Over the last year, the COVID-19 pandemic has disrupted much of campus life, but the University’s various construction projects, such as the building of new residential colleges and the geo-exchange facilities, continue.
“Every project, the large and small, has been impacted in some way that usually is a result of contractors falling ill,” Executive Director of Construction Management William Bausmith said in an interview with The Daily Princetonian. “But I would say there has not been a large impact on the progress of the construction.”
Although the construction contractors are not part of the University’s asymptomatic testing program, they are taking COVID-19 safety precautions.
“Contractors are alerted of the posted EHS requirements on campus, and they are required to comply with state and federal CDC guidelines,” Bausmith said.
They also keep a management plan, which generally includes a daily log of which workers are on site, contact information, and questionnaires for the workers if they fall ill. “There’s a questionnaire the contractor is required to fill out, so they can determine what the next steps regarding COVID or contact tracing are,” Bausmith explained.
As with past University construction projects, noise remains a concern. “Our first and primary constraint is the legal requirements that are instituted by the local municipality,” Bausmith said.
In addition, he said construction management is careful “to work closely with housing and public safety and a whole lot of campus facilities, campus stakeholders to stay in constant communication to be aware of where complaints or concerns are being raised and try to make smart decisions based on those messages.”
Even though there are fewer people on campus this year, these commitments have not changed much.
“There are less ears, there are less eyes on campus, but it did not have a significant impact on the way we conducted work,” Bausmith noted.
With recent concerns about security on campus, Bausmith stated that in addition to being watched by University security and public safety officers, construction sites are enclosed by a fence and gate system that is locked at the end of the day. For open buildings like the new residential colleges, the lights are left on to spot any unsecured debris blowing around as well as any potential intruders.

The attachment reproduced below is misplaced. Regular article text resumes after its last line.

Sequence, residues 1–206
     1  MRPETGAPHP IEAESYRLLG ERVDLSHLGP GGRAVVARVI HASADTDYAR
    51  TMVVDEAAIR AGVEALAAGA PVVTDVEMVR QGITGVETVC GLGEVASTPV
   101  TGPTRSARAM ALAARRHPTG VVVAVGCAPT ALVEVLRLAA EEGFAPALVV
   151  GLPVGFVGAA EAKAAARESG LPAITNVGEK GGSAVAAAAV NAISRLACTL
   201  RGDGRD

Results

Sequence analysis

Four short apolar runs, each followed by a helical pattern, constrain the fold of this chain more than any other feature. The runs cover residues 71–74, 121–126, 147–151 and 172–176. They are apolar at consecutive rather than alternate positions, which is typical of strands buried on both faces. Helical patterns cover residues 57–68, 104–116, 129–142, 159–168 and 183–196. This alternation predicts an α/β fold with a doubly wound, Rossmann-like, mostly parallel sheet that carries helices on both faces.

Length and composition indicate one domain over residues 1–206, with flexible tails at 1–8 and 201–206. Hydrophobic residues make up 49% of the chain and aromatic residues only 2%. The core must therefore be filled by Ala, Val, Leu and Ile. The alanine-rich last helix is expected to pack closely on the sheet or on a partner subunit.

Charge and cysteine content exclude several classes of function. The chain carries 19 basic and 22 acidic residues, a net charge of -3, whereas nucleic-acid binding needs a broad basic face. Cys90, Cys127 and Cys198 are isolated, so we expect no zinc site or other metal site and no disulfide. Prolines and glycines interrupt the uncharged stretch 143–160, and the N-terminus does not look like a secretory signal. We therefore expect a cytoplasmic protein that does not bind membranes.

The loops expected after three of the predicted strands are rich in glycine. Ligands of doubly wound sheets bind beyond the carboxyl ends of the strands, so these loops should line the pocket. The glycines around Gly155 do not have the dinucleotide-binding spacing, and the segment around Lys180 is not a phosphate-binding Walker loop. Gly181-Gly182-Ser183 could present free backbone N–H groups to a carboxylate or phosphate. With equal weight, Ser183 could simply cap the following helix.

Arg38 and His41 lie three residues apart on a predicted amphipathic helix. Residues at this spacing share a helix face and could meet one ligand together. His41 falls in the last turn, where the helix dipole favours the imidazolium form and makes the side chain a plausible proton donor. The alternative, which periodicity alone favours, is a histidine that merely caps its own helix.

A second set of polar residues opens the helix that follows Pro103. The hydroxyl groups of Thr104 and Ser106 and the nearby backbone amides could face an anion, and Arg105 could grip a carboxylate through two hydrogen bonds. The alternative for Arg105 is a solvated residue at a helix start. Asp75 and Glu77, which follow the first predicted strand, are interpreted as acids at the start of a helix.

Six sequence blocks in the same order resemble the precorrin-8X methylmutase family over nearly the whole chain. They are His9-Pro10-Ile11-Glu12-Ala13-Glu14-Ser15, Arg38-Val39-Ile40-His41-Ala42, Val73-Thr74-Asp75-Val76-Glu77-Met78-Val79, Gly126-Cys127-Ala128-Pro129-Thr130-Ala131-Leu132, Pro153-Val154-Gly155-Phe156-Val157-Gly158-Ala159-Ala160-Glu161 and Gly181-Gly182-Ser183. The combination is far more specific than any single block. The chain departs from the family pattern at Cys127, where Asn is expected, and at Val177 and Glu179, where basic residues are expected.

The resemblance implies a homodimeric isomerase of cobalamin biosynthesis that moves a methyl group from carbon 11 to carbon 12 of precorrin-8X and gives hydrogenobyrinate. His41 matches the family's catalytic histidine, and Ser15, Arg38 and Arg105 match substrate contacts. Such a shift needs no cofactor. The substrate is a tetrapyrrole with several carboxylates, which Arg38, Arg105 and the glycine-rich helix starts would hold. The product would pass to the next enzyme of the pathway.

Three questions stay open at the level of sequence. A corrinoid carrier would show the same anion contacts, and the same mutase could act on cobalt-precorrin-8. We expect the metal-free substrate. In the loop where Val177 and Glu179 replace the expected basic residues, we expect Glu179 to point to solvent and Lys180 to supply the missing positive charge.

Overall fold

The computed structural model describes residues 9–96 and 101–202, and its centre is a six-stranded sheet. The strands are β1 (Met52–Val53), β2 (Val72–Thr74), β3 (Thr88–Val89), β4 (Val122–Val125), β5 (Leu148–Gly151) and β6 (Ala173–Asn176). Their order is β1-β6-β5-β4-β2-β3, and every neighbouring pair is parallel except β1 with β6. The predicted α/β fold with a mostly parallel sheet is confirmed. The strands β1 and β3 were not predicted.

“It helps us, it helps public safety get an eye into those floors in those parts of the building that would otherwise unlit be invisible,” Bausmith explained, although he pointed out that this was rarely an issue. “Generally speaking, we have not had a problem with the public trying to get into sites after hours. It happens occasionally, but it has not risen to the level of being a systemic or significant problem.”
Another aspect of the new construction projects is their use of geo-exchange, which Bausmith explains as “using the Earth in its natural condition as an energy radiator, if you will, where we can store cold water when we need it and we can extract hot water when you need it.”
Over the next decade, all campus buildings will be converted over to this new system, which Bausmith calls “quite likely the most impactful environmental benefit of the Capital Plan” and an important part of the University’s plan to be carbon neutral by 2046. Using wells placed in the ground below the former Lot 21, among other places, the new facilities will connect to the existing conventional chiller plant and “condition” water to distribute to buildings across campus.
The project’s two main buildings are denoted by two acronyms: TIGER (Thermally-Integrated Geo-exchange Energy Resource, located by FitzRandolph) and its CUB (Central Utility Building, located on the new Lake Campus).
“I’m not surprised that it's a lot more fun to talk about a TIGER or a CUB than it is to talk about Geo-Exchange Facility Number One, Geo-Exchange Facility Number Two. But it’s catchy and it is, you know, a very fair description of what that facility does,” Bausmith commented.
Overall, Bausmith said he’s excited to be part of such a project.
“There are things that people will not see in the end; when the buildings are constructed, they will find that they’re in a beautiful building and living space. But the effort that's been put in to bring us to carbon neutral for 2046, that’s really something that other peer institutions I think could aspire to. I’m very proud to be part of it.”
Editor’s Note: An earlier version of the article had misquoted “DHS” instead of “EHS” (Environmental Health and Safety) in Bausmith’s statement.